Written by: Jaci Van Heteren
I thought it would be fun to spend 24 hours in our new terrapin hide, our waterhole’s photographic hide, given that photographer Olwen Evans and renowned Kenyan private safari guide, Simon Belcher of Royal African Safaris, were visiting Jaci’s.
The three of us started our 24-hour adventure in the afternoon with a wonderfully cool wind blowing through the terrapin hide. We took a short while to unpack the cameras, set up the Gimpro single/double pano heads and prepare for whatever animals decided to come visit. It felt like a camping trip and the excitement was building.
Loads of Cape turtle doves and francolin were coming and going and one lonely lapwing chick could be seen.
Then herds of elephants came down to swim! The sheer joy of watching them swim, face-plant into the water, sit back on their haunches, throw their trunks backwards and topple over was utterly sensational.
Even a big, ancient, wrinkly bull joined the teenagers in the waterhole while a teeny elephant stuck by his side the whole time, and all we could see every now and again was his thin trunk popping above the water like a submarine periscope.
As the afternoon progressed we could see all the tadpoles rising to the surface and the small, red, wriggly lava-type creatures that were latching onto anything that floated by, which was usually elephant poop.
Very welcome gin and tonics were delivered at 5.30pm and were most welcome as the wind had dropped and the accumulated heat of the day was warming up the hide. Double-banded sandgrouse arrived, gently calling to each other as the sun set, and they quenched their thirst and collected water in their feathers for their young. As the sun dropped, the bats came out and skimmed the water, catching insects using some impressive aerial manoeuvres.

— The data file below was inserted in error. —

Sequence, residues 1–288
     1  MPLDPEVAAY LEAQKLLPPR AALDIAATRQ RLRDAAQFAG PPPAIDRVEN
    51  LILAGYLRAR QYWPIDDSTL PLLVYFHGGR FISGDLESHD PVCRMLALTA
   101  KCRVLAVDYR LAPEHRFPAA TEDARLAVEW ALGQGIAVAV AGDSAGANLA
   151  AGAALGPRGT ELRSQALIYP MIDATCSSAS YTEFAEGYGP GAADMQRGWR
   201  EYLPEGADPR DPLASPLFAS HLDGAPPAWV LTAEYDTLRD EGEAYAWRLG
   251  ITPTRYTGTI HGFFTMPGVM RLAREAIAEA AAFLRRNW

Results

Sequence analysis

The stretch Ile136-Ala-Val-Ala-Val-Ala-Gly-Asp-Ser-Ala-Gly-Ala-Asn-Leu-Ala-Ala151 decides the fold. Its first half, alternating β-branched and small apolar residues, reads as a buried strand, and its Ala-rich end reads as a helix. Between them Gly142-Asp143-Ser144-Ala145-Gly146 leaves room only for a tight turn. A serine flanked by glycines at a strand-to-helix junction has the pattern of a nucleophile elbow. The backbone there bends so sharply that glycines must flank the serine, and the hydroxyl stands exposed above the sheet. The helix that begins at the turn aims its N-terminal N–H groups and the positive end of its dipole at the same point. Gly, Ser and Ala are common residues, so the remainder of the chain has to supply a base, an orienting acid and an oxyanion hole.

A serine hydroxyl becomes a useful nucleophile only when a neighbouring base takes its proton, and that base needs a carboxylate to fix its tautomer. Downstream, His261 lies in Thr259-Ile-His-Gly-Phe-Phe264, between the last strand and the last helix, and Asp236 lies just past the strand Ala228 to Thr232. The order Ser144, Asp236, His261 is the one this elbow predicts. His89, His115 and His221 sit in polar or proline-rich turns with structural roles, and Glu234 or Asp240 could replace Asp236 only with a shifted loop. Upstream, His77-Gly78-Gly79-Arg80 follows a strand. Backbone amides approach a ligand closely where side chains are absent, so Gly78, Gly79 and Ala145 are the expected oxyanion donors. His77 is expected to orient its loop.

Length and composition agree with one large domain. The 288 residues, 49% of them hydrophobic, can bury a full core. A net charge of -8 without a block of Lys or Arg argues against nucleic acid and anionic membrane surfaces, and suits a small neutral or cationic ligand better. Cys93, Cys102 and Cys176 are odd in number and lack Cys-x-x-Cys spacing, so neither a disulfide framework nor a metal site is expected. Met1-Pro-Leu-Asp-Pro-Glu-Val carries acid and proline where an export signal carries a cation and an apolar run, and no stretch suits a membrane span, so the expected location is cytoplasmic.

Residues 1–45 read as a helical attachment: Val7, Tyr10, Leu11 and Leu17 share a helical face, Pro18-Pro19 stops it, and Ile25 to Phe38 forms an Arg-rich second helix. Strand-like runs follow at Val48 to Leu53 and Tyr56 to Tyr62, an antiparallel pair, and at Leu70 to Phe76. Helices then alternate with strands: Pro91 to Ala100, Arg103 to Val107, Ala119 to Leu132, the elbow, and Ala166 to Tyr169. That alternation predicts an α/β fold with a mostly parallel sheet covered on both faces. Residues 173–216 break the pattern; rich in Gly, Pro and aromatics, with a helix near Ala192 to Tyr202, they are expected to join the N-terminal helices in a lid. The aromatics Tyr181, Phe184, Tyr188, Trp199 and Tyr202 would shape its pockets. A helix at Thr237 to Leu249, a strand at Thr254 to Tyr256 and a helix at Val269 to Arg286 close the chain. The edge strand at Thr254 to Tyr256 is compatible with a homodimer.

The black-backed jackal slunk its way over to have a quick drink, his ears flicking and alert all the time. This was our first photographic sighting from the hide of a predator, although there have been many nocturnal visitors who left tracks behind.
A delicious dinner was also delivered to us, and the team at Jaci’s Tree Lodge ensured we were looked after and well fed at all times.
Watching the blood moon rise and set was spectacular and, even though my pictures did not come out well, I was delighted to have been awake to witness the rare event.
A fish eagle’s call in the morning had us hoping that it would scout out the waterhole and sit on a tree nearby, but alas it preferred the river option this time.
The black-backed jackal came down to drink again in the early morning before heading off to settle down for the day. And a warthog came to drink but landed up standing on the bank, half asleep, whilst the red-billed oxpeckers gleaned parasites off him. Watching him stretching and lifting his tail was a special and memorable moment for me.
16 giraffe tried to stick around for a drink but were constantly chased away by the elephants, and zebras also had the same experience when they tried their luck.
The elephants even chased the lapwings, which was very naughty indeed. But a large troop of baboons did manage to visit the waterhole, and we managed to take a photo of a female drinking with her arm securely around a juvenile.
The list of sightings goes on and on, and it was wonderful to sit in the hide and enjoy the anticipation of what the next sighting might be.
I’d very much recommend experiencing the Terrapin Hide at Jaci’s Lodges; we loved every minute and would prefer to still be there rather than back at our desks!